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History Lesson Plan: The Boston Tea Party

written by: Curt Smothers • edited by: SForsyth • updated: 2/8/2012

Things remained quiet in the colonies for three years after the Boston Massacre of 1770. Colonial radicals were itching for an excuse to stoke the forces of independence. The British Tea Act of 1773 was made to order. The British "bail-out" of the East India Tea Company relighted the flames.

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    Background

    The Boston Tea Party was a colonial demonstration and act of vandalism to protest the Tea Act of 1773. The Tea Act was essentially a government bailout for the cash-strapped East India Company, which actually could have resulted in lower tea prices to the colonial consumer. Under the Act, the East India Company could sell its tea in American ports (without shipping through Great Britain) and the Company was exempt from British tea import taxes.

    What the British Government under Lord North did not foresee was American merchant resentment towards an unfair tax break to a company that already had a monopoly on tea imports. Also, there was the symbolic and long-term resentment in the colonies over Britain’s arbitrary trade and mercantile restrictions.

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    Colonial Reaction to the Tea Act

    Tar and Feathering Many colonists, urged by their local merchants, responded to the Tea Act by boycotting tea.Colonial women, who were heavy tea drinkers, also lent a hand in this symbolic resistance to British taxation. A few colonies were able to keep East India Company ships from unloading their cargoes, and the local strong-arm tactics and pressure even forced some of the company agents to resign. A significant amount of the tea was sent back to England or warehoused unsold.

    Boston, on the other hand, was somewhat of a different story. Port agents refused to resign and sought the protection of the Royal Governor. The company agents decided to to bring the tea ashore, regardless of local opposition.

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    Samuel Adams and the Boston Tea Party

    Boston Harbor On December 16, 1773, a group estimated to be between 30 and 130 men, some crudely disguised as Mohawk Indians, headed towards Boston Harbor. As agitated Boston citizens skulked around the docks where three ships laden with tea cargo were moored, the "Mohawks" boarded ships and in the course of three hours (without resistance by the ships' captains), dumped over 300 chests (valued at about $2 million in today's money) of tea into the harbor. Also, British ships that had been stationed in the harbor to prevent the merchants from leaving without offloading their cargo did nothing to interfere with the colonists.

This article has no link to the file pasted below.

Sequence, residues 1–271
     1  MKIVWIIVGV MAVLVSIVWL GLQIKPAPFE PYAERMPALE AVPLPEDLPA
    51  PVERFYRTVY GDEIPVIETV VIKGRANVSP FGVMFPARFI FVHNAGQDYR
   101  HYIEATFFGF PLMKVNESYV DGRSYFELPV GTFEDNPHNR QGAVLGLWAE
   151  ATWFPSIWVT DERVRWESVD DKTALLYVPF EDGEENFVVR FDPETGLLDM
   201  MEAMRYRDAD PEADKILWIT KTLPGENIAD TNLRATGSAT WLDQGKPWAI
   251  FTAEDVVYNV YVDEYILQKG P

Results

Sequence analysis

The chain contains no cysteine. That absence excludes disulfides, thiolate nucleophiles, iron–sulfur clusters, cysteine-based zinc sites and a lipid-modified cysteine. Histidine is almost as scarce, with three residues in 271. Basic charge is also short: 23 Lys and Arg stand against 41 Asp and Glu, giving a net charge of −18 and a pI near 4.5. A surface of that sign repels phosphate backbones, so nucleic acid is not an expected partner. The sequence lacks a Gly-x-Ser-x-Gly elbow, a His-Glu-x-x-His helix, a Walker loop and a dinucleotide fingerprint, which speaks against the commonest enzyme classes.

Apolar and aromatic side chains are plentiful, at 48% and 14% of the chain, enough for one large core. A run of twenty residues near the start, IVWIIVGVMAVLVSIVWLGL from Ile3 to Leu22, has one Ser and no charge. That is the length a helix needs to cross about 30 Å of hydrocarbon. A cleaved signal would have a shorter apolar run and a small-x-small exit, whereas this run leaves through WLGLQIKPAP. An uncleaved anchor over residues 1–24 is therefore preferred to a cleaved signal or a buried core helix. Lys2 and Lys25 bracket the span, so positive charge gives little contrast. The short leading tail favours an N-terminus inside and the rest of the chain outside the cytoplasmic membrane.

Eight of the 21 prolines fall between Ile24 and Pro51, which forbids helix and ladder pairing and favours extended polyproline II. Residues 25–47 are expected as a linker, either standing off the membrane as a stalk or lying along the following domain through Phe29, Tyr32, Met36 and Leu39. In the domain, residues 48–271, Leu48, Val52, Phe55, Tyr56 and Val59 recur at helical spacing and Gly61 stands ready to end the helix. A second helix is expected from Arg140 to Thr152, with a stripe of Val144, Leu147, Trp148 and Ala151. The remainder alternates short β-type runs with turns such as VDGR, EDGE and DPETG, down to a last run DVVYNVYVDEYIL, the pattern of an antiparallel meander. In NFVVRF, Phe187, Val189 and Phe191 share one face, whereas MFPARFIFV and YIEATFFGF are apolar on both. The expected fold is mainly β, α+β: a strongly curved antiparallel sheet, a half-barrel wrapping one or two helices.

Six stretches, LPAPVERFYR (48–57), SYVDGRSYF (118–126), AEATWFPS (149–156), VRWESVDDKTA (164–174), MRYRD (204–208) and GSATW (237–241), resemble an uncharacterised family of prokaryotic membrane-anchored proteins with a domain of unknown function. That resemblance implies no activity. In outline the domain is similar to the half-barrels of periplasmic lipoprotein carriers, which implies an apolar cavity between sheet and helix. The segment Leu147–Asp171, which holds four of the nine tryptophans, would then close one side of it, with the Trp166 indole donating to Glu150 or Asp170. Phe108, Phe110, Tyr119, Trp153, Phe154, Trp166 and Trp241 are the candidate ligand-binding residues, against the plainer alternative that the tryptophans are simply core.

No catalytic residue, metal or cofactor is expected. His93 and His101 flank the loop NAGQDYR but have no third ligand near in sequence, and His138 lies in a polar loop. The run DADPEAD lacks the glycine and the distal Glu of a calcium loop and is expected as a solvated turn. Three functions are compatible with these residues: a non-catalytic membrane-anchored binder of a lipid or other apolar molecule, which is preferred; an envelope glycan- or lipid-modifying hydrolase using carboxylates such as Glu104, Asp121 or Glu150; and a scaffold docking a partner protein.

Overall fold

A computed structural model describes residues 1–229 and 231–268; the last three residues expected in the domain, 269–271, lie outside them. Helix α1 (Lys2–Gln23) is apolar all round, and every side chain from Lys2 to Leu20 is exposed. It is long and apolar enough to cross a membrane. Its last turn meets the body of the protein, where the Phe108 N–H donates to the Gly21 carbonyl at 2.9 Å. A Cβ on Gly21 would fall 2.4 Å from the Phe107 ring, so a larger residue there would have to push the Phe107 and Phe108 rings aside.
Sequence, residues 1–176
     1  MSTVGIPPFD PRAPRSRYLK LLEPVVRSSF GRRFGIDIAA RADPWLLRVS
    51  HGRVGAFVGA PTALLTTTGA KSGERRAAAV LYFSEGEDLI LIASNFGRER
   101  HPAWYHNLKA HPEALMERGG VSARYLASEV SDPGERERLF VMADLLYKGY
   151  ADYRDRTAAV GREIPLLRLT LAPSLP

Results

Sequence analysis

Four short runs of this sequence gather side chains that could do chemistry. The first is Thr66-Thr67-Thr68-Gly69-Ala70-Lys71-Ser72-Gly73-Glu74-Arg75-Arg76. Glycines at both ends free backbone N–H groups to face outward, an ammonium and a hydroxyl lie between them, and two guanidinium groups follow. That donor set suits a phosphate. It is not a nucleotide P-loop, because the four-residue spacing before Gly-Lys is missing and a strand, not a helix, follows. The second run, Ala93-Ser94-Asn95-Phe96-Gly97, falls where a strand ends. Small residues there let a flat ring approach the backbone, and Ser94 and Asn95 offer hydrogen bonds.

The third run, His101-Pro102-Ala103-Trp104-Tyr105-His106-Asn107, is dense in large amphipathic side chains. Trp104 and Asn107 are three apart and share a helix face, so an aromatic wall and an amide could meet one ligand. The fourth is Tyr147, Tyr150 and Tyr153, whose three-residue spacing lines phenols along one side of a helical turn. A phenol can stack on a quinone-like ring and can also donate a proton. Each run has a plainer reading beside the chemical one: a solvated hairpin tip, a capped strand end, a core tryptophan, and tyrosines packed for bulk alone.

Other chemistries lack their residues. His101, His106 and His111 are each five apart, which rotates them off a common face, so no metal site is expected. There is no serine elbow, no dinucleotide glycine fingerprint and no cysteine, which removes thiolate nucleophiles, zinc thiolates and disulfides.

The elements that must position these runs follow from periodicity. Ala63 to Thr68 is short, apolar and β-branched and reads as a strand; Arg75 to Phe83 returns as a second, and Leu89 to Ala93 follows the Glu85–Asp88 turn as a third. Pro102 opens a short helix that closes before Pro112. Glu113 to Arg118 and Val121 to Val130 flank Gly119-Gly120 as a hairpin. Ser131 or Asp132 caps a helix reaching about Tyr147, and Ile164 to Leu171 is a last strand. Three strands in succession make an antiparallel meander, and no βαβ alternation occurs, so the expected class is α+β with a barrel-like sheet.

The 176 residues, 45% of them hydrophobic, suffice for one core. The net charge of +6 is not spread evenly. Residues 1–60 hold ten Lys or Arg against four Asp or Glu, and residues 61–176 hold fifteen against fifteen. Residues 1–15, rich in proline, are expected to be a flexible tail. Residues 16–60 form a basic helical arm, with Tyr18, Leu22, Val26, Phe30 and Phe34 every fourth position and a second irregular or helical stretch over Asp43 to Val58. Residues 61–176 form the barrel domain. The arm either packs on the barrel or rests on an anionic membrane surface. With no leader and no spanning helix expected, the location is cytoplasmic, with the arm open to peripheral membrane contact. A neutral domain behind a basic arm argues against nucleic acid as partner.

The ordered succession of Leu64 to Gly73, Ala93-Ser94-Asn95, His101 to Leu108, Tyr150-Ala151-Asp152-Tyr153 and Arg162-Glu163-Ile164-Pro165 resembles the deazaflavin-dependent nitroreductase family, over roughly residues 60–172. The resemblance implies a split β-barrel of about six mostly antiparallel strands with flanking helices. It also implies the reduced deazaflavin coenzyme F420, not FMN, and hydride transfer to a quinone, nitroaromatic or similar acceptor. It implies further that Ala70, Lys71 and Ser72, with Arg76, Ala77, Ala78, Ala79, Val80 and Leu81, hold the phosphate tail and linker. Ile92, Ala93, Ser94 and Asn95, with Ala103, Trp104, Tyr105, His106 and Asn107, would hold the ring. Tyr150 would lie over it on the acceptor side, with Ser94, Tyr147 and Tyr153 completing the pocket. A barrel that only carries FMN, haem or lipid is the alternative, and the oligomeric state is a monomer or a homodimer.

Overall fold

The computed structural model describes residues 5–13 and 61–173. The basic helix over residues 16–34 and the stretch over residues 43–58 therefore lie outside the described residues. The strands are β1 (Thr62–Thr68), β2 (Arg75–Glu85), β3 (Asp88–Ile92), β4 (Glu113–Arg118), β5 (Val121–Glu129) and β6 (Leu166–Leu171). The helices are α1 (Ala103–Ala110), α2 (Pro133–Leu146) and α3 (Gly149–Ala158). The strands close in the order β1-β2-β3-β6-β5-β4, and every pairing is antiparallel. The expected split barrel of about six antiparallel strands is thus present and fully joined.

Although it is doubtful that Samuel Adams (cousin of John Adams, future second President of the United States) participated directly in the dumping of the tea, he was definitely an instigator and later apologist for the deed. Here is what he said on the day of the Boston Tea Party:

    "Fellow countrymen, we cannot afford to give a single inch! If we retreat now, everything we have done becomes useless! If (Governor) Hutchinson will not send tea back to England, perhaps we can brew a pot of it especially for him!"

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    British Reaction and Results of the Boston Tea Party

    Tea Overboard Outraged and determined not to let what they considered an act of rebellion and vandalism go unpunished, the British Government decided to get tough. The Parliament (even members who considered themselves friends of the colonists) united and passed a series of four laws that targeted the Bostonians. Known as the “Coercive Acts” (or “Intolerable Acts” by the colonists) these acts:

    ♦ Closed the Port of Boston until such time as the destroyed tea was paid for.

    ♦ Revoked the Massachusetts colony charter and restricted public assembly.

    ♦ Forced colonial civilians to house British soldiers.

    ♦ Allowed British officials accused of capital crimes to be tried outside the colonies.

    ♦ Placed Massachusetts under rigid British military control.

    In sum, the aftermath of the Boston Tea Party was the British clampdown that further inspired united the colonies and accelerated the start of the American Revolution in 1775.

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    Classroom Activities/Suggested Discussion Areas

    Join or Die Discuss the following in class or as an essay assignment:

    ♦ Was the special treatment given to the British East Indian Company fair?

    ♦ The Tea Act did not actually result in raising taxes in the colonies. Why were the colonists so outraged?

    ♦ Was the destruction of the tea cargo in the holds of the merchant ships justified?

    ♦ What could have been done to prevent the destruction of the tea?

    ♦ Were the British measures to punish Massachusetts appropriate and fair?

    ♦ Would acts of vandalism such as the Boston Tea Party be appropriate or tolerated today? If so, give a hypothetical example; if not, state why not?

Causes of the American Revolution

The American Revolutionary War began with shots fired at Lexington and Corcord. The war was caused by a series of events that began after the French and Indian Wars. This series traces the beginnings of the rift between Great Britain and its American colonists that resulted in armed rebellion.
  1. High School History Lesson Plans: The Proclamation of 1763
  2. History Lesson Plan: The Stamp Act of 1765
  3. High School History Lesson Plan: The Townshend Acts of 1767
  4. Lesson Plan for History: Crispus Attucks and the Boston Massacre
  5. History Lesson Plan: The Boston Tea Party